Anecdotal evidence spanning many centuries has suggested that animals somehow predict earthquakes before they happen. For example, the Roman writer Claudius Aelianus writes about mice, martens, snakes, and insects fleeing the Greek city of Helike 5 days before a massive earthquake and tsunami destroyed the city. Similar reports have come from zoos (although it is often difficult to distinguish between predictive and reactive behavior in post-quake reports); further, residents of Haicheng China reported snakes emerging from their burrows a month before a devastating earthquake. Other stories abound, including deep-sea fish rising to the surface before massive geologic events and pet owners describing strange dog behavior in the hours leading up to a quake. Are these stories more than merely exaggerated anecdotes?
In 2009, scientists fortuitously documented strange animal behavior before an earthquake. A research group observing a colony of toads in L'Aquila, Italy observed a mass exodus just a few days before a quake (the toad population went from 96 to almost 0 in three days). They hypothesize that chemical changes in groundwater may have clued in the toads to the impending quake. But this explanation must be thoroughly tested, and even if it is true it cannot account for similar behavior observed in deep-sea and ground-dwelling animals,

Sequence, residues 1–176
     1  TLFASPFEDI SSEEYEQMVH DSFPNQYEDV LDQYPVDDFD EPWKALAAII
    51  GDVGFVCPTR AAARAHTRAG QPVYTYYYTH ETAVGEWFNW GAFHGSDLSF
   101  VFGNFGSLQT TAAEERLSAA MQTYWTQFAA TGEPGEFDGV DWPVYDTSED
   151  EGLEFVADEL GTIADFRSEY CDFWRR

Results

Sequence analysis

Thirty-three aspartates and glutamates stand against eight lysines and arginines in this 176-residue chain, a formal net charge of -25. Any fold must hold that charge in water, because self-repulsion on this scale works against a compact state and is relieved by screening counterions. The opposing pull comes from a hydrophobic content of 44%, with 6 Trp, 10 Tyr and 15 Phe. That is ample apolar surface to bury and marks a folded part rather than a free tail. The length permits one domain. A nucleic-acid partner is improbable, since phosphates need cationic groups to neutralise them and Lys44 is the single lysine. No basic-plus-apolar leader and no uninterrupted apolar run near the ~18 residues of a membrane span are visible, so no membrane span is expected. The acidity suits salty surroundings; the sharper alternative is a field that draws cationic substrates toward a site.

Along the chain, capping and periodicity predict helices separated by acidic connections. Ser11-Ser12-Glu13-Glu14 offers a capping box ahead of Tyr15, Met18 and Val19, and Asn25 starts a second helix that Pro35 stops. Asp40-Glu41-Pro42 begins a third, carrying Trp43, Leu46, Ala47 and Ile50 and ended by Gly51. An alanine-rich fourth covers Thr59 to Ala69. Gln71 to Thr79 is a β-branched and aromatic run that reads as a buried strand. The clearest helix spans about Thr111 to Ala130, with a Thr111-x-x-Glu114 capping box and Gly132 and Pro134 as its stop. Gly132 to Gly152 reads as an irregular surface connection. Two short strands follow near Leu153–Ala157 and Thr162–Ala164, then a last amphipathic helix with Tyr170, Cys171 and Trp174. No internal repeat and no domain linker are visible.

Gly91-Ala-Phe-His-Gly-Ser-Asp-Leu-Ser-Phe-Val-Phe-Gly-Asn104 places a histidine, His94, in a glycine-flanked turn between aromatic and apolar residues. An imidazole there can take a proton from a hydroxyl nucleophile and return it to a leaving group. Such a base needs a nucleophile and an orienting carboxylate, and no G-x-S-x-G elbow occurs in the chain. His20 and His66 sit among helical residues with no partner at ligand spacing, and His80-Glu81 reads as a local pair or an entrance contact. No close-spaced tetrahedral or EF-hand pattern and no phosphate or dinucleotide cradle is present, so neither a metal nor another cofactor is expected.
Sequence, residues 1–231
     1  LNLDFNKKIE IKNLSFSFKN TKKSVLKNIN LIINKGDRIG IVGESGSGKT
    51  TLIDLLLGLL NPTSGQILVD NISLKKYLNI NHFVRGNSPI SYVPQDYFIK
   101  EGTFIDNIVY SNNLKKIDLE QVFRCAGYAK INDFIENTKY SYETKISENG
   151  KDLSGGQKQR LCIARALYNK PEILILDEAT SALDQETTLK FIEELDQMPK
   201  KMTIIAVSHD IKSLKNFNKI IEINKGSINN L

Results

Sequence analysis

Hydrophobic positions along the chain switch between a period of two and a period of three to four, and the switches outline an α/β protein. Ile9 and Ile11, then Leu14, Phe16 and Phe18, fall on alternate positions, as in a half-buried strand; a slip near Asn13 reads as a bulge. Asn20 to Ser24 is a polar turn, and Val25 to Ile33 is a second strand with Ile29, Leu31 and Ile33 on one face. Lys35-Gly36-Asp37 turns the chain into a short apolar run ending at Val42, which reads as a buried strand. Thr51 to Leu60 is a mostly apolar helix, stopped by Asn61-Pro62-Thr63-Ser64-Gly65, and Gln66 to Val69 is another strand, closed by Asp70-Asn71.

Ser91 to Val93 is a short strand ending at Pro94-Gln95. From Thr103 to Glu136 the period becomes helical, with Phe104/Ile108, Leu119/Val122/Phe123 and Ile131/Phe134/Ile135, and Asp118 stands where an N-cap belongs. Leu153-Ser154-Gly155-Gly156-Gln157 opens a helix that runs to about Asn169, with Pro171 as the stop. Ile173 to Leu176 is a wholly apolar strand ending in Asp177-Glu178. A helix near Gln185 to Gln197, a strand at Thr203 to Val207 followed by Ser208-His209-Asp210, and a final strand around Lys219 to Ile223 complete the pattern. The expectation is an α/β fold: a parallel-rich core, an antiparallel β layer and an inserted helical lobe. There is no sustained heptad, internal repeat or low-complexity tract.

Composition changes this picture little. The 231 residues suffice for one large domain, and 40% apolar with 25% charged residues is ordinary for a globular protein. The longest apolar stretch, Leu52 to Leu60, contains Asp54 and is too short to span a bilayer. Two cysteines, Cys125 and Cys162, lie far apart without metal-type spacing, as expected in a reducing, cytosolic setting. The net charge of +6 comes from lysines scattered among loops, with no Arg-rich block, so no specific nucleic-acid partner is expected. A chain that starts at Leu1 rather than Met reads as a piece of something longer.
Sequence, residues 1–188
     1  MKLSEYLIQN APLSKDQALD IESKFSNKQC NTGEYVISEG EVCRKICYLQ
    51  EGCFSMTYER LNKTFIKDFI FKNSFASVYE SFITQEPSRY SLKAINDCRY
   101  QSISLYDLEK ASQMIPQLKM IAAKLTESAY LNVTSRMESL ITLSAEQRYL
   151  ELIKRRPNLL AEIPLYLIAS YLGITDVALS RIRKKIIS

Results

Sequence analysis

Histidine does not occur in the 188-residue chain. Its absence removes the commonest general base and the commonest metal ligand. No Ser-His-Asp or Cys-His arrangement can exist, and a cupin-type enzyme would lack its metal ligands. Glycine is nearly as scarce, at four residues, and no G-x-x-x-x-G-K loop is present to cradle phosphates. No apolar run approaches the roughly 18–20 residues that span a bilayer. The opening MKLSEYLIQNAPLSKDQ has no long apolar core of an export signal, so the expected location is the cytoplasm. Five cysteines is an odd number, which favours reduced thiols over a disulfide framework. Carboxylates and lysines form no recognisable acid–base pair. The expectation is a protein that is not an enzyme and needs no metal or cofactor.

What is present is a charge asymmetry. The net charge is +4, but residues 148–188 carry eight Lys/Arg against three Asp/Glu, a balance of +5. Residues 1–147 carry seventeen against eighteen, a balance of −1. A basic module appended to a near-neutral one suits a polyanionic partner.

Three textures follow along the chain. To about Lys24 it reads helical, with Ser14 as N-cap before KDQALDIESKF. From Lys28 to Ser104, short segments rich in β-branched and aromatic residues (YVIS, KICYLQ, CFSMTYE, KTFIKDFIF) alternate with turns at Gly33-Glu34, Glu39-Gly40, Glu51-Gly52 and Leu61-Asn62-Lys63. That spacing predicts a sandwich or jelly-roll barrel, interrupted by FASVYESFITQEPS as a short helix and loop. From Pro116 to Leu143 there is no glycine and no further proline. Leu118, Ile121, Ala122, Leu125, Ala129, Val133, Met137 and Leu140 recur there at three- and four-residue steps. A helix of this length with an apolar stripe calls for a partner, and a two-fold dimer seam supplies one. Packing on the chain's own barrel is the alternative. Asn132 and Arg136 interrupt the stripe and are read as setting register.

Other potential explanations include magnetic sensing, foreshock sensitivity at low magnitudes, or perhaps chemical or physical detection at a level humans do not generally observe. While the cause remains a mystery, the lesson is clear: if you see snakes emerging from their burrows months early, frogs fleeing their ponds, or zoo animals panicking en masse-- get the heck out of dodge.
Animals may sense chemical changes in groundwater that occur when an earthquake is about to strike. This, scientists say, could be the cause of bizarre earthquake-associated animal behaviour. Researchers began to investigate these chemical effects after seeing a colony of toads abandon its pond in L'Aquila, Italy, in 2009 - days before a quake. They suggest that animal behaviour could be incorporated into earthquake forecasting.